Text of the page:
“You were my brother,” he said. “I loved you.”

But he was going to let this “brother” die in torment, rather than putting him immediately out of his misery. He didn’t expect Anakin to survive. But he didn’t ensure Anakin’s death.

I can understand the reasoning that Obi-Wan couldn’t stand to kill Anakin. He said as much when Yoda sent him on that very mission. But I find it hard to believe that Obi-Wan could stand to watch Anakin suffer through that much pain. I find it hard to believe that Obi-Wan wouldn’t show his padawan, his brother, mercy.

There is an answer for both of these scenes, and it is the worst answer possible.

“Well, it had to happen that way, to prepare for the other movies.”

These scenes were very good, but in the end they were both forced to fit a mold that was no longer suitable. Realism–I mean story realism, realism of character–was abandoned in favor of getting everything to work out correctly.

I think Lucas was on the road to telling a different story than he originally intended, and I think the new story changed how other things worked out. Padme wasn’t supposed to die in childbirth, after all. Leia remembered her mother. “Very beautiful…kind, but sad.” Lucas had to change this to make Anakin’s fall work out properly. I’m not happy with that edit, but I can understand the need for it. Anakin needed to lose Padme so that Palpatine could manipulate him fully. Leaving her alive would have fit the later movies, but it would have felt unbelievable. “Surely Anakin could sense Padme,” people would say. “Surely he’d look for her, surely he wouldn’t just believe Palpatine’s word.”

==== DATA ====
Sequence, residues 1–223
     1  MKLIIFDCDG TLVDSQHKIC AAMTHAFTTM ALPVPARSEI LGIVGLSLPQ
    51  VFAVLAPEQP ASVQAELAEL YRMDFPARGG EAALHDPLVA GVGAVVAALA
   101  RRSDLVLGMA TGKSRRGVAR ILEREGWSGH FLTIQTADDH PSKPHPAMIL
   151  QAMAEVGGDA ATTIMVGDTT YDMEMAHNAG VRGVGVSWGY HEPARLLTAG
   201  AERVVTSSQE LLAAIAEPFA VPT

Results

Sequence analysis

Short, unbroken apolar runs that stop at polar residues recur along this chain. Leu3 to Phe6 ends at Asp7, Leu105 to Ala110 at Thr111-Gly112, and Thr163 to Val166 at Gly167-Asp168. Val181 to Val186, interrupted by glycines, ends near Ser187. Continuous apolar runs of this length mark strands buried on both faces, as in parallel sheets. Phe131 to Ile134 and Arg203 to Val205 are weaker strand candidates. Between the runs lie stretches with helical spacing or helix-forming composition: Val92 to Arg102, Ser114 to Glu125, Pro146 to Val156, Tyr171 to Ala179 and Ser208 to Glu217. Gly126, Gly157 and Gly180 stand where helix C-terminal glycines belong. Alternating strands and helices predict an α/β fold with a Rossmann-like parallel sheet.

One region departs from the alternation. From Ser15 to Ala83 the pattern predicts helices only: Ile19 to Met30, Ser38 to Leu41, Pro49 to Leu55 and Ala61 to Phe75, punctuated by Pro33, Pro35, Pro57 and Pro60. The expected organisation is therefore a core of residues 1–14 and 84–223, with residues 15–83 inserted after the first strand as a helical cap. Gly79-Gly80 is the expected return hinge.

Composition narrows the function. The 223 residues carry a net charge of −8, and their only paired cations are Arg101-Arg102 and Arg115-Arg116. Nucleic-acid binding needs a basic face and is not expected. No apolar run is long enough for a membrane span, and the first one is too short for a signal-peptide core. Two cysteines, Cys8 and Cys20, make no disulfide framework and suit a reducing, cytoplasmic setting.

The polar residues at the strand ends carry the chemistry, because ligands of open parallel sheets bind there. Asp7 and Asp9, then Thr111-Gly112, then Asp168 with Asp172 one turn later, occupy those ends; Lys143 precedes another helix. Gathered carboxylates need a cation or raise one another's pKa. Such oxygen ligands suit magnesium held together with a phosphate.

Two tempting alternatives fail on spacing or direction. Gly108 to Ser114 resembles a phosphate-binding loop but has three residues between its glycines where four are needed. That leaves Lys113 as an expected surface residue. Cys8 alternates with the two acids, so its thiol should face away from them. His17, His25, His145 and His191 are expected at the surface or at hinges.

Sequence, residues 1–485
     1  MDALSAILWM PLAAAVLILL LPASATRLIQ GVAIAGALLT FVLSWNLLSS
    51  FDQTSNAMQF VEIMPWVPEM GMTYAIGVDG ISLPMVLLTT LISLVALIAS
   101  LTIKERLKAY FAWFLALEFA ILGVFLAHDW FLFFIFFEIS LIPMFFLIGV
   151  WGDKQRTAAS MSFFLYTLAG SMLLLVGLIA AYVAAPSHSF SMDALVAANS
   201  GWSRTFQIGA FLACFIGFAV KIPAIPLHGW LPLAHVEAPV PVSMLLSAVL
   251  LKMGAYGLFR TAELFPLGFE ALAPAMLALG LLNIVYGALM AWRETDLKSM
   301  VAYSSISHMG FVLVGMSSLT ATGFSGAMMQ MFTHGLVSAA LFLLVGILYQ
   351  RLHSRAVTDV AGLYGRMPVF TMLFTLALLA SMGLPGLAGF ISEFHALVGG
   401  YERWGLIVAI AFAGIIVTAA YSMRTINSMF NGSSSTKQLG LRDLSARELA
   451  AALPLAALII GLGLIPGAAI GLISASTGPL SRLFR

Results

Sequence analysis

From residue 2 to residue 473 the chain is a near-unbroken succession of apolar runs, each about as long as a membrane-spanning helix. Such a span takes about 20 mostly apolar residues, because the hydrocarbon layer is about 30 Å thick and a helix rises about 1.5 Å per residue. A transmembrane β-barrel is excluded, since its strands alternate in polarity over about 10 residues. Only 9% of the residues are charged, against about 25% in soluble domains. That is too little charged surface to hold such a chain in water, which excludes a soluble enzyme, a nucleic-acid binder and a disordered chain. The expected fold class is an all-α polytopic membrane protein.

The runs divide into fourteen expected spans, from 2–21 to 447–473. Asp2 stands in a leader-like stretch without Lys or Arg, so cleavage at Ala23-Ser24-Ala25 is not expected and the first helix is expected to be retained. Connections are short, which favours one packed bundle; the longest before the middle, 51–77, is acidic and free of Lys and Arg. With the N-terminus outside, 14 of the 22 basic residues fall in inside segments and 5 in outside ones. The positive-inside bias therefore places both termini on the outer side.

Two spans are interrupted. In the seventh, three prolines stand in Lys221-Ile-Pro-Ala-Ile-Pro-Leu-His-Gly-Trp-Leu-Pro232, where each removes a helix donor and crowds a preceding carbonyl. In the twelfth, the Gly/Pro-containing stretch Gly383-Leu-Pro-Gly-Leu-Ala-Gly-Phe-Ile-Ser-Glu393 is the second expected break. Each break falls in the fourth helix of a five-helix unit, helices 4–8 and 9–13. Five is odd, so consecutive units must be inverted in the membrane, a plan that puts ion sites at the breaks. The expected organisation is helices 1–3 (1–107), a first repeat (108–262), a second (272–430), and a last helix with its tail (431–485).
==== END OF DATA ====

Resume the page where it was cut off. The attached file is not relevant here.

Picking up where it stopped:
Lucas saw that this would be unrealistic, and he modified it. But he didn’t apply the same wisdom to the two most important scenes of the movie.

I do not believe in Anakin’s fall to the Dark Side, and I do not believe in Obi-Wan’s decision to leave Anakin writhing in pain.

Those two scenes were the pillars for the entire film. And they completely collapsed, taking the rest of the movie–which was perfectly planned, well-executed, beautifully rendered, and even decently acted–down with them.

I think the overall story was sound. I think the acting was good. I think the special effects were wonderful, and they didn’t seem to overshadow the plot this time. This could have been a brilliant movie.

But in crunch time, at the moment when everything had to make sense, when I was supposed to be twisted up inside with the terrible necessity of it all, when I should have been thinking, “They don’t know what they’re doing, but it couldn’t have happened any other way”…it all fell flat. None of the artistry that went into making the rest of this film beautiful could save the two glaring plot inconsistencies that sucked all joy out of my final Star Wars experience.

And that, my friends, is my third depression. This is it; this is the end. This movie, that could have been great, that should have been great, has put the final nail in the coffin of the girl who once introduced herself to her dormmates with “The most important thing about me is that I love Star Wars.”

It’s all over. And I don’t even get to say “What a way to go.”